Dynamics GP Assembly Transactions vs Kitting

If your business requires that you put together a predetermined assortment of items for shipment to a customer, there are two pieces of functionality in Microsoft Dynamics® GP you should consider. Both the Kitting feature and Assembly transaction will accomplish this; however, depending on the circumstances, one may be more appropriate than the other. Panatrack understands that every company has different needs; as such, our Inventory Solution has been built to adapt to any situation.

Let’s learn about the difference!

Often the term ‘kit’ is used interchangeably with, what is in truth, an Assembly. Both an Assembly and a Kit use components that are combined as a unit and sold to a customer.  For an Assembly item, the item is set up as a Sales Inventory type. This means the finished assembly item maintains an on-hand quantity level in GP. A Kit on the other hand, is set up as a ‘kit item’ type and is not maintained as a quantity within GP. Only the components of the kit are tracked by quantity.  Kit items are primarily used on sales orders to group the various components to be sold under a combined price.  What is not available with kitting is visibility into how many kits are available to sell. Without evaluating the current stock of each of the kit component items, there is no way to see inventory levels.

Determining if you should set an item as a Kit or an Assembly can be based on the items’ workflow. Some examples are shown below:

  • Do you put together and package the components for someone to pick off the shelf as a single item?  If the answer is yes, consider Assembly as the best option.
  • Will you need to repackage a ‘bulk’ item into smaller package sizes to fulfill orders?  If yes, then use Assembly.
  • Will the components be selected at the time they are fulfilled to be shipped or picked up by the customer?  If the answer is yes, consider using the Kitting Functionality
  • The sales order line represents the group of items and how much the group is sold for, and the inventory levels are managed on the component level:  Kit

More About Assembly

If you determine that Assembly is the best option, you will need to create a Bill of Material in GP. The BOM can include the component items as well as other non-inventory type items (such as a flat fee or service). Typically, a component is configured for ‘per unit’ which means you enter how many of each component is required to make a single finished Assembly item. This is called the ‘design quantity’.  There is also an option to configure an item to be calculated as ‘setup’, creating a one-time entry for the transaction. Often the Inventory Bill of Materials and Assembly are ideal options for manufacturers with very basic requirements.  Panatrack has added a work order entry add-on for the GP Assembly and BOM to provide the ability for planning.

Using Assembly

The PanatrackerGP Assembly transaction supports the ability to automatically create the Assembly transactions in GP from a mobile device interface. There is support for backflushing the components which means automatically selecting the components calculated based on the finished good Assembly quantity x the component design quantity. For example, if building a chair, I know there is always 2 arms, 4 legs, 1 back assembly and 1 seat assembly.  If I built 5 chairs, I don’t need to manually select how many of each component I used in the build. The same concept applies with a packaging conversion scenario.  When I have a product packaged in bulk that I need to repackage into an item representing a smaller unit, the entry of the quantity isn’t required.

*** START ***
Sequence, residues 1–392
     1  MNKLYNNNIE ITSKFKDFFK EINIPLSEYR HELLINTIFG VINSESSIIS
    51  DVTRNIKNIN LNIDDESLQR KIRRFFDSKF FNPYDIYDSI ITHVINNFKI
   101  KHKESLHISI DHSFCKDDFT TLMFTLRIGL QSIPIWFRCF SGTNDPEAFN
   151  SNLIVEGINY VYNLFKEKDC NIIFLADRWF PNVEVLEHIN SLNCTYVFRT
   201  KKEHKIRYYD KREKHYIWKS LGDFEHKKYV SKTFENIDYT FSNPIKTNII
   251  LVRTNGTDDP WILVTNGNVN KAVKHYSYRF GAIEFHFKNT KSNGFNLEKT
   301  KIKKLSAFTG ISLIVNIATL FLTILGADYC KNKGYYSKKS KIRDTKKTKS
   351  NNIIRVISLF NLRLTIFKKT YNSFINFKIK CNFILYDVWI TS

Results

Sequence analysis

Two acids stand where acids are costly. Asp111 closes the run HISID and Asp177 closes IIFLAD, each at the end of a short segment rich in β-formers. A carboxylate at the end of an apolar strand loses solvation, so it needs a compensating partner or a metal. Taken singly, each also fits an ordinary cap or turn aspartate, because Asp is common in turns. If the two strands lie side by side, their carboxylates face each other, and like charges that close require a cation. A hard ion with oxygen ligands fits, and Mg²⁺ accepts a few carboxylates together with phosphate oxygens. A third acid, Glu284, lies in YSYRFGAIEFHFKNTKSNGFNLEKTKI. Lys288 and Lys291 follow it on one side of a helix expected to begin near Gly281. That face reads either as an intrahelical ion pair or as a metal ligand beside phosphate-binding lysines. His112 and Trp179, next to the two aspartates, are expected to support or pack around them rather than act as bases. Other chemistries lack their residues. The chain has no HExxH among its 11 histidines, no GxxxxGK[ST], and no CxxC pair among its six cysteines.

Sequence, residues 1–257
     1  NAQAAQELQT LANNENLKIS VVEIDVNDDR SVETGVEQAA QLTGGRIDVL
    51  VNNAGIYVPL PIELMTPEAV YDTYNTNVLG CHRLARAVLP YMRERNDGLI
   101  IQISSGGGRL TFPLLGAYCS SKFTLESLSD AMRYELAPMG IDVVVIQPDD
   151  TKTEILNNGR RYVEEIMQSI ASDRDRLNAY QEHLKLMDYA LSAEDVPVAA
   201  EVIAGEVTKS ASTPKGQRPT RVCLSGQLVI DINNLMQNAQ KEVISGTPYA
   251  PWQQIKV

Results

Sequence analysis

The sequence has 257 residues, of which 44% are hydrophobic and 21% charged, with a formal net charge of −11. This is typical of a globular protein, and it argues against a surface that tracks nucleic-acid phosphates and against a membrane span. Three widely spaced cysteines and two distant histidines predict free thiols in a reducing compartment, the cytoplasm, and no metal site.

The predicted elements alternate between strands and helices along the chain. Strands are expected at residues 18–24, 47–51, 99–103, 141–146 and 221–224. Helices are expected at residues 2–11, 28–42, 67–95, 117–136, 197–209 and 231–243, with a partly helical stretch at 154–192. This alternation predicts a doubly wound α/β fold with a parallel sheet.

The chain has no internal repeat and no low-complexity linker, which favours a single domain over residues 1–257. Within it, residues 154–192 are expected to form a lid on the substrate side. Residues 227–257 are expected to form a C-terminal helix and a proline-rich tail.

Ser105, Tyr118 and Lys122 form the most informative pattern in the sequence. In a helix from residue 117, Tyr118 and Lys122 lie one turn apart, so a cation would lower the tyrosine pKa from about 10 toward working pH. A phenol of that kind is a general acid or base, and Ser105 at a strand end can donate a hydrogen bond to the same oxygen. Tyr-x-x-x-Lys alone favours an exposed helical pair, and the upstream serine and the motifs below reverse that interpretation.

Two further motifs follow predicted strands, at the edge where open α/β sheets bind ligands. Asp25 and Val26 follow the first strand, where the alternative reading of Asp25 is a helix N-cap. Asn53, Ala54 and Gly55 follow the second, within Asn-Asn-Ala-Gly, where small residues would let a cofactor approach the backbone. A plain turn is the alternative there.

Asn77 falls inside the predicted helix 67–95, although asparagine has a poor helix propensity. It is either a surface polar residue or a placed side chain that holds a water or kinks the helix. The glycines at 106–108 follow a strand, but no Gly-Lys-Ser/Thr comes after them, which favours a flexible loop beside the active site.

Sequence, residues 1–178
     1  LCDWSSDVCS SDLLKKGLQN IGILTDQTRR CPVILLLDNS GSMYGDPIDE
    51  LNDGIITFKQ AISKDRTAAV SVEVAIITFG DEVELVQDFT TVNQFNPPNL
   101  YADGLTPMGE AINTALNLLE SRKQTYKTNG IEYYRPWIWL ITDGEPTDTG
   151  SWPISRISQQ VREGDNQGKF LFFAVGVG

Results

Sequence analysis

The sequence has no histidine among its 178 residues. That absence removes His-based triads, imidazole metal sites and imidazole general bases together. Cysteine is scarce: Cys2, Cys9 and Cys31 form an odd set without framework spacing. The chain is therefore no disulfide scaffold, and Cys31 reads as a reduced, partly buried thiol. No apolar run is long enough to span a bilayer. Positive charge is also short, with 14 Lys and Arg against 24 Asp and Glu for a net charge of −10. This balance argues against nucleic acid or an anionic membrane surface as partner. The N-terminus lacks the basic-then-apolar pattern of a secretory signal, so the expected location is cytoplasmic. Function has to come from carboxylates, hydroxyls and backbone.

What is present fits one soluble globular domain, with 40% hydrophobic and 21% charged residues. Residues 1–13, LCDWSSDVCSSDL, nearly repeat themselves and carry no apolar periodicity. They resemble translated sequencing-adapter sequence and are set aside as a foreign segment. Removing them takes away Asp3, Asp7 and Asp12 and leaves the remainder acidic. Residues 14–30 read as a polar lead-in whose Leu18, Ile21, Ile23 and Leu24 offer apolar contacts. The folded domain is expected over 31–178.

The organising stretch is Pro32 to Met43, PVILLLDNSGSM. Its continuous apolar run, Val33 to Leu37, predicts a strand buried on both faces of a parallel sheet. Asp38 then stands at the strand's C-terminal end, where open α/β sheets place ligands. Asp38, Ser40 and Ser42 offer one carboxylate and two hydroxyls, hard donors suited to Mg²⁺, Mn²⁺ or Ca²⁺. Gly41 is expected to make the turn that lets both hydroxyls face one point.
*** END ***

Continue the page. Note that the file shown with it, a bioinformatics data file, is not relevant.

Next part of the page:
On the flip side, individual components can also be selected for each specific build process. This works for organizations that may create a BOM that lists any potential components that can be included as part of the build. Each build can be slightly customized based on components in stock. In this example, each component can be selected for the specific Assembly build process at hand.

More About Kits

 Within GP, an item configured as a ‘kit type’ can define the kit components. Note that this is not required. The costing for the kit can be based on either the sum of the kit components or can be set on the kit item card itself.  When adding a kit to a sales order line, the components can be changed based on the specific sales order.  Let’s look at the example of purchasing a new cell phone. Often, we see companies bundling products such as cases and chargers to the package, making this an item ‘kit’ at a set price for all components. The kit components are the same except that each customer can select from various cases within a price range. One customer may select a blue case, another a pink case: thus, different component items out the door for the same kit.

Customer Example

The choice between using Assembly or Kits may be easy to identify. For some organizations, either option could work well. A company that sells bicycles, for example, physically builds a bike before it is shipped and delivered to the customer. Assembly with the Panatracker Work Order could be one option, whereas setting up a kit for the sales order is another option. In this situation, one of our customers uses kits as part of their workflow. They pull the kit components (which differ slightly for each customer bike) and bring those components to the Assembly areas.  This option is ideal because the specified kit components are tied directly to the sales order and therefore with the customer.  The components for the order are picked and the build is completed in as the final process before shipping.

If you would like to learn more about the PanatrackerGP Assembly transaction or how PanatrackerGP works with order fulfillment, contact us at sales@panatrack.com.

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